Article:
Monthly Archives: April 2013

Genius of Josiah Wedgwood

On the iPlayer this week, and a great watch: The Genius of Josiah Wedgwood

Enjoyable trawl through all things Wedgwood, through pots, marketing, science and anti-slavery campaigning.
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Wedgwood Blue

Wedgwood Blue
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Wedgwood

Wedgwood Museum
Image: Guardian

During a few days spent visiting my family, I finally (it’s somewhere i’ve been meaning to visit for years) paid a visit to the Wedgwood Museum in Stoke-On-Trent.

Today, Stoke is an area that faces significant challenges in the form of serious deprivation (50% of inhabitants live in an area that is amongst the top 10% most deprived areas in England), high unemployment and the poor health of inhabitants. Back in the 17th-19th centuries it was a haven for all things ceramic, and was a prosperous place, with a significantly larger population than it has today. In the Potteries (the greater Stoke area) there were numerous companies working to produce ceramics that were shipped all over the world, used at the finest tables and for everyday domestic purposes – a shining example of British design and ingenuity.

Tray of Jasper Trials I had a GREAT day at Wedgwood. The museum was stuffed to the gills with examples of work, both the finished articles and the experiments various members of the Wedgwood family used to create pieces.

Amongst the beautiful gilded plates and the familiar dusty-blue cameos, there were drawers and drawers of tiny test tiles showing experiments with clay and glazes. These methodical trials were fascinating, as they showed the blend of science, creativity and business acumen that ceramics can involve.

Image: courtesy Wedgwood – Tray of Jasper Trials – 1773

The best part of my day was the factory tour. Given that it was mid-week, the museum was pretty quiet, so me and my Mum got to have a private tour with our friendly and knowledgeable guide. I spent most of the forty minutes walking around like a dork, with a wide grin on my face as our guide led us around the factory.

I was so excited to see everything, the entire process from the vats where they mix up the clay to the workers carefully applying the gold to the edges of plates.

Image: FashionBite (alas no photos in the factory allowed)

Wedgwood factory It was really interesting to see how things are done on a large scale and then compare this with my experience making and teaching ceramics.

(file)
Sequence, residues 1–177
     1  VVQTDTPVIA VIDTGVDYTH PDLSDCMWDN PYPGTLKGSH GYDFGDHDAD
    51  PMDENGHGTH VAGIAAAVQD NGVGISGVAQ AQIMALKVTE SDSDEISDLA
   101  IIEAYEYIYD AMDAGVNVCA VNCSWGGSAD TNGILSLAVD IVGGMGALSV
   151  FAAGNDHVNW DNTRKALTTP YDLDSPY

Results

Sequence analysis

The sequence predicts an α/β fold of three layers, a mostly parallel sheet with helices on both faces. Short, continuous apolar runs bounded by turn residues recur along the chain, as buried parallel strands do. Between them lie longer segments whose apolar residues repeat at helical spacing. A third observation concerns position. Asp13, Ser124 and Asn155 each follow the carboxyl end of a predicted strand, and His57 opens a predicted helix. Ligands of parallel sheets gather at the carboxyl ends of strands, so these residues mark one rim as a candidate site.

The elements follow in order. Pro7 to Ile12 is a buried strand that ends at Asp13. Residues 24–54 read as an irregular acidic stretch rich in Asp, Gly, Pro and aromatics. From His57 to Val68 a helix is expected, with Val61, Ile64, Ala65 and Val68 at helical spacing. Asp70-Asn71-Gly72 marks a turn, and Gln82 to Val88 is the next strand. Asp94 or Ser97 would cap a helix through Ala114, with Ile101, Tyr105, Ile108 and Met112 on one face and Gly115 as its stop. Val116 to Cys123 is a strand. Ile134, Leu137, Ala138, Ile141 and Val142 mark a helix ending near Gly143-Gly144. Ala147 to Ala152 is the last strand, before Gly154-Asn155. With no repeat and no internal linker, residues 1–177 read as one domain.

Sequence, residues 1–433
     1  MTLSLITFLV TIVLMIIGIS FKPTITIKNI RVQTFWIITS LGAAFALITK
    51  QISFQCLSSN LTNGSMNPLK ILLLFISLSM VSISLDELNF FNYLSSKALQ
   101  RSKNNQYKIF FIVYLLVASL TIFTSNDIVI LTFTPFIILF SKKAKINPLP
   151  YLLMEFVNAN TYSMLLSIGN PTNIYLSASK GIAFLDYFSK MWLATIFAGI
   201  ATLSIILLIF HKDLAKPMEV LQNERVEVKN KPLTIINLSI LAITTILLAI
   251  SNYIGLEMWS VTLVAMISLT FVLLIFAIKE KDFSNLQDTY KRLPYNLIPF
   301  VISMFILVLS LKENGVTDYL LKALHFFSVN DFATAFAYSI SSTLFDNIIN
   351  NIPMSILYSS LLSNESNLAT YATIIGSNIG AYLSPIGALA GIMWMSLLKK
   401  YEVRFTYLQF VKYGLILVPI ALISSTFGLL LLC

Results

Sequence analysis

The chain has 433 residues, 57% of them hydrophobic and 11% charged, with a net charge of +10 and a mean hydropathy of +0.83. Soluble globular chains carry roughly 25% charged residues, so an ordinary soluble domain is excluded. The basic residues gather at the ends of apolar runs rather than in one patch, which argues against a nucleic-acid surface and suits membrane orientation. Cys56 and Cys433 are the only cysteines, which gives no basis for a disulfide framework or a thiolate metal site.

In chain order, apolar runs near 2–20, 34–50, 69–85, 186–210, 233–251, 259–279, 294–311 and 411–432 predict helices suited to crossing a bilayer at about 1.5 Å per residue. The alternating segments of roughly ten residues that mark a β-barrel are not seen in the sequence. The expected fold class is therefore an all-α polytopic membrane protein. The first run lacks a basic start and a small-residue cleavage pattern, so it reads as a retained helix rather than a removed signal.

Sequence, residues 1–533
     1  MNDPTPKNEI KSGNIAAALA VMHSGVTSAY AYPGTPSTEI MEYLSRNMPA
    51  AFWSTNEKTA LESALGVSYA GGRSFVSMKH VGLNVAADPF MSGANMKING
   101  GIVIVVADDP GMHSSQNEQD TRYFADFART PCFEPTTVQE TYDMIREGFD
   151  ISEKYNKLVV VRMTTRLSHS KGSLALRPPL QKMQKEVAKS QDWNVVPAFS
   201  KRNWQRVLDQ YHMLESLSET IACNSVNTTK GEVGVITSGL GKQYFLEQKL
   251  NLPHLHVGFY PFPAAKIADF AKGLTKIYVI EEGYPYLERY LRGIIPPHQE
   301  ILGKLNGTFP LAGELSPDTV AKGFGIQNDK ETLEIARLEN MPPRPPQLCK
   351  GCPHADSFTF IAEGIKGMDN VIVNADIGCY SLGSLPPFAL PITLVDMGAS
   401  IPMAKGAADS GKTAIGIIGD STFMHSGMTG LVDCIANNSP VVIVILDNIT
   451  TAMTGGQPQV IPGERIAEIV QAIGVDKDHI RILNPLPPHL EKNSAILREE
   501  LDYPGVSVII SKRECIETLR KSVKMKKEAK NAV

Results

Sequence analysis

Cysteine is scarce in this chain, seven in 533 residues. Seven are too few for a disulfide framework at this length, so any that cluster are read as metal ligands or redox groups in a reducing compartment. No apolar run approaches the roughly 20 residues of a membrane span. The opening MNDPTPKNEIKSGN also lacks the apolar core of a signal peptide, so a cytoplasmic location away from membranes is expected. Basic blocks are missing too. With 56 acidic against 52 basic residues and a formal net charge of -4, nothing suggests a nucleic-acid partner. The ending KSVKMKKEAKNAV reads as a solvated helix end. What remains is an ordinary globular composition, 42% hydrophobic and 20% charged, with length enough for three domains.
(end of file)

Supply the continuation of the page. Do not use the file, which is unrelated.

There was a mixture of hand-thrown and mould-made ware, so although there was an element of automation, there was still a large amount of human input.

I was pleased to see the employees finishing off pieces all had a mug of tea at their workbenches, and it was interesting to see the number and variety of hand moisturisers people used in an attempt to ward off the destruction of their skin.

Even the mould-made ware had to have the seams taken off (fettling), be turned and then smoothed (all by hand), so my horror at the prices of the finished pieces in the on site shop was tempered a bit when I saw the efforts put in by the workers. The high-end stuff was glazed five times before having the gold applied twice more, so a plate setting you back £800 didn’t seem as insane as it first appeared; that said, our guide commented that one Russian client recently ordered pieces for a forty place setting. Yikes.

I explained to our guide that I was an art teacher, and how interesting it all was to me, and I asked if the company takes on apprentices. He told me that they do, and that it takes between two and seven years to become competent, and even then employees are still monitored closely by master potters.

It made me happy to think that the myriad skills I saw were not being lost (seeing apprentices working was a bonus) but at the same time I know that a large chunk of what is produced under the Wedgwood name is made abroad, for example in Indonesia and China. All the prestige stuff is made at the Barlaston factory, but the more everyday isn’t, which is a shame; Wedgwood is part of a US owned conglomerate that includes Royal Doulton and Waterford Crystal, and of course many smaller companies have been absorbed, for example Minton.

Another reason for visiting was the news a couple of years back that the museum and collection might have to be sold off to plug a hole in the Wedgwood pension fund that was created when the company went into administration. The museum’s archives have been recognised as important by UNESCO, and to think that such a wonderful collection with insight into not just manufacturing but social history too could be broken up and sold to the highest bidder is hugely sad.

So, somewhere to visit as soon as you can. I’d really recommend it.

Also, it has an awesome factory outlet selling seconds and discontinued ceramics and glass which is definitely worth a trip to…
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That Thing:

Where it’s very cold outside and your thighs are freezing through the jeans that don’t quite fit and the rubbing of the fabric against your cold skin becomes so unbearable it’s all you can think about and is so uncomfortable you have to seek out M&S and try something on just so you can clutch and claw at your skin like an auto-zombie.
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One Year

It’s rolling around to a year since Coppell and Meathead left my life. Time has flown whilst at the same time dragging. Dragging, in that I still have unresolved thoughts and feelings about him, unresolved in the sense that I still have them, when I wish I didn’t.

As time has passed these have lessened in frequency and strength, but I think that, until I am in a new relationship, there will always be lingering issues. I’ve written about this before- I need new memories to obliterate the old, and from experience I know that something casual will not give me what I need.

The ending of the relationship and Coppell’s behaviour towards me was awful. It was the most difficult experience of my life to date, but I can look back and see that there were problems in the relationship at the time, but that I gained much from the experience.

Problems?

Coppell. As someone who was going through a divorce (which was something he didn’t reveal when we first got together), he wasn’t ready for a relationship. He was enamoured with me, and the idea of being in a relationship with me, but the reality of the situation was rather different. He needed time to work through his thoughts on the matter, which he didn’t give himself. Lying his way out of our relationship, and his lies afterwards indicated a real lack of maturity and understanding. Also, the after effects of a terribly difficult upbringing were still evident, in ways that I do not think he was fully aware of.